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Newbie question re: chemical fertilizer  RSS feed

 
                                
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I bought a huge bag of Osmocote in a gardening binge a year or so ago.  I'm now wondering if this really isn't an organic fertilizer at all, but just a slow-release chemical fertilizer.  Should I not spread this on my lawn as part of the fall fertilizing requirement?  At this point, I need to just get rid of the stuff.  I intend to transition full organic as soon as possible. 

By the way, I did read your "cheap and lazy" article.  It's amazing the number of extension groups that still advertise the chemical route for managing lawns.  It all seems like so much brainwashing!
 
paul wheaton
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Yup, that's a chemical fertilizer.

I would not put it on my lawn. 

You could use it for houseplants - but I wouldn't even want to do that. 

Take a look at this thread to figure out how to get rid of that stuff.
 
                            
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Raising plants on synthetic fertilizers is like raising a child on candy and crack cocaine.  They may do OK for awhile, but they'll never be truly healthy and will be always be more susceptable to disease.  Synthetic fertilizers also kill soil micro-organisms, which is what your plants really want and need.  "Feed the soil, not the plants."

It's best not to even get on the chemical treadmill.  Still got your receipt?
 
paul wheaton
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kahunadm wrote:
Raising plants on synthetic fertilizers is like raising a child on candy and crack cocaine.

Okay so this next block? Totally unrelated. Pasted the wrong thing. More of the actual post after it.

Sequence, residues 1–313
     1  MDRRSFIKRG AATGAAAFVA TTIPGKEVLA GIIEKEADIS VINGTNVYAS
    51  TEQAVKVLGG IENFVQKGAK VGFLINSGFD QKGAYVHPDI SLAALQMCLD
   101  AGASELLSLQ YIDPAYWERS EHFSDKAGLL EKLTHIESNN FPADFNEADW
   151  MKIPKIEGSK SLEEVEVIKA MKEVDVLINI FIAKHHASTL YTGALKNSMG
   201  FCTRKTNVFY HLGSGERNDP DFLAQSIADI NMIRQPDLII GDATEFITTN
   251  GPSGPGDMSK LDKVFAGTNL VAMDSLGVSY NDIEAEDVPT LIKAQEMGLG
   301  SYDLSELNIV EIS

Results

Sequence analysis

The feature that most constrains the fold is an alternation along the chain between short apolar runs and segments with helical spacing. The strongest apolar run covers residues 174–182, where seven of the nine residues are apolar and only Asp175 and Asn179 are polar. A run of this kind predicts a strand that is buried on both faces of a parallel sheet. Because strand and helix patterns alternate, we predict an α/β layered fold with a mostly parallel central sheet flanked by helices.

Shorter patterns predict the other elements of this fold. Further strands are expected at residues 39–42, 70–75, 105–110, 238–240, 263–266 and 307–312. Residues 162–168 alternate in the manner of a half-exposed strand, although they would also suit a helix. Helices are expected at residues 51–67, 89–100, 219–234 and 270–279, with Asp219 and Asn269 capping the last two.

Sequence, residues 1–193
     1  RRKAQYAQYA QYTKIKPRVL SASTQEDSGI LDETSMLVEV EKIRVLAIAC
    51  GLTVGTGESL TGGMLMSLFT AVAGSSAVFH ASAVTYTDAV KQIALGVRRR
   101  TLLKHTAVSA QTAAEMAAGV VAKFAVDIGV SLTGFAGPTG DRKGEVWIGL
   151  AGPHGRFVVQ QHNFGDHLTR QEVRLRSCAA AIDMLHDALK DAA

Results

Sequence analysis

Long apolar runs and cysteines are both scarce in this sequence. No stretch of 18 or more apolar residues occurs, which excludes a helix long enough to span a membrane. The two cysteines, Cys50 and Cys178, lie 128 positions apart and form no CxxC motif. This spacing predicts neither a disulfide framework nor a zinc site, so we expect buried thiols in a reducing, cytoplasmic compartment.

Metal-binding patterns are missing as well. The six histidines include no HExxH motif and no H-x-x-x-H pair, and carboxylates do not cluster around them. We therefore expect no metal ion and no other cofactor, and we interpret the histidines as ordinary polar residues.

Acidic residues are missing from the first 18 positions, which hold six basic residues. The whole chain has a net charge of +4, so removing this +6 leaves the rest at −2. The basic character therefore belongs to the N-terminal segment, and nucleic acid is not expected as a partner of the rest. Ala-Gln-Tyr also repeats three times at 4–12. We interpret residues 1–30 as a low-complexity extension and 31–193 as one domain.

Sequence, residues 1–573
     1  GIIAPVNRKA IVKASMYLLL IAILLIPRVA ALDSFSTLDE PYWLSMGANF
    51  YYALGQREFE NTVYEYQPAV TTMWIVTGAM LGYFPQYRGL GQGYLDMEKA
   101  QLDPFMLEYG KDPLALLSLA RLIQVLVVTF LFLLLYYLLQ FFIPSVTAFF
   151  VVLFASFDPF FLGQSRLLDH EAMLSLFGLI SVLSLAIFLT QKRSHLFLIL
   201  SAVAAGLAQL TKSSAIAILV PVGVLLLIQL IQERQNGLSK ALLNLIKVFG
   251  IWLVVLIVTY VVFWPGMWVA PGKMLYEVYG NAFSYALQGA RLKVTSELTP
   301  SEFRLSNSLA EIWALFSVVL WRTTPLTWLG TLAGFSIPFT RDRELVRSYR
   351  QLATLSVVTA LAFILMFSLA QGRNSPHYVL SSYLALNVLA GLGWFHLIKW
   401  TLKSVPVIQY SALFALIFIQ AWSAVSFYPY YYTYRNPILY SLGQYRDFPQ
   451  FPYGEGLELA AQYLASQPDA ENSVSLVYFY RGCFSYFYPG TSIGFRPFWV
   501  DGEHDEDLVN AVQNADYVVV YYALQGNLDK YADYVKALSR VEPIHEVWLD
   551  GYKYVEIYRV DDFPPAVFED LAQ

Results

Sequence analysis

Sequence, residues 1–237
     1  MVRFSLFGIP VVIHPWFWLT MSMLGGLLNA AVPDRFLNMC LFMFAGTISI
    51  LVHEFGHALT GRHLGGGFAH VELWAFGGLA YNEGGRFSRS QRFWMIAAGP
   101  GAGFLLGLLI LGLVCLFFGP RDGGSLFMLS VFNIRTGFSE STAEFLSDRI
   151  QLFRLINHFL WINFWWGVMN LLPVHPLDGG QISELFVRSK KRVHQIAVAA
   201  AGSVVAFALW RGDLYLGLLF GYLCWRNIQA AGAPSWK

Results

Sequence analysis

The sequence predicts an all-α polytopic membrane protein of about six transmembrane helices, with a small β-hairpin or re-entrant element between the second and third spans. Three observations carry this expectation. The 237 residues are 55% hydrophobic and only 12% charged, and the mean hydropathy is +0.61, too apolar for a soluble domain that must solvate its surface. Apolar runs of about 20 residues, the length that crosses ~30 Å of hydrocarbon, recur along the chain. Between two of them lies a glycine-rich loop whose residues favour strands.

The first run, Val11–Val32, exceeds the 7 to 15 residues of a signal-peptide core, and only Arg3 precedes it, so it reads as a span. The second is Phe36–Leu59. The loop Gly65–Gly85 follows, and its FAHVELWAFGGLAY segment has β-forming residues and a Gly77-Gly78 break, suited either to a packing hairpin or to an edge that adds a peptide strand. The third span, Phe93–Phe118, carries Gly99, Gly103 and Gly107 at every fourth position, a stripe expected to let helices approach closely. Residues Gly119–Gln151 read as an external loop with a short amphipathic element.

That is awesome!  I wish I had said that!


 
Joel Hollingsworth
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A thread elsewhere talked about "beer and skittles," and someone mentioned that lumps of candy are good pre-measured sugar sources to give a measured amount of carbonation to home-bottled beer.

By analogy to that sort of thing, a child raised on kombucha might do better than one raised on sweet tea:

You might try composting that chemical fertilizer, depending on what is in it.  Compost microbes raised on candy, after all, are expendible.
 
                            
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As a home brewer, I can appreciate your beer analogy.  On the other hand, Synthetic fertilizers are nothing like sugar (despite MY analogy), and the microbes in a compost pile most certainly won't like the stuff.  That still leaves the question...what does one do with unwanted synthetic fertilizer?  I can't think of a good answer if it can't be returned to the store.
 
Joel Hollingsworth
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I totally agree that it should be returned to the store if at all possible.

kahunadm wrote: the microbes in a compost pile most certainly won't like the stuff.


The microbes that do best on my current mix of compostables probably wouldn't, but I bet some of the microbes in or near the pile would.  Or if not, a few dozen generations would teach them how.

According to the Household Products Database, Osmocote is:

Ammonium nitrate, Dicalcium phosphate,  Calcium bis(dihydrogen phosphate), tribasic Calcium phosphate, Potassium sulfate, dibasic Ammonium phosphate, Calcium fluoride, Soybean oil, Linseed oil

Mixed with browns in an appropriate ratio, any of these chemicals would compost just fine, or (like CaF) remain largely inert.  The only thing would be to err on the side of too little Osmocote and too much water at first, just because dry flammables + nitrates + heat can occasionally cause trouble.

If it's 13-13-13, then shooting for a C:N ratio above 30:1, guessing that about 45% of biomass is either C or N, and assuming negligible C in Osmocote, I figure at least fourteen pounds dry straw for every pound of fertilizer, or at least nine and a half pounds of dry wood chips.  Plus, as I mentioned above, lots of water.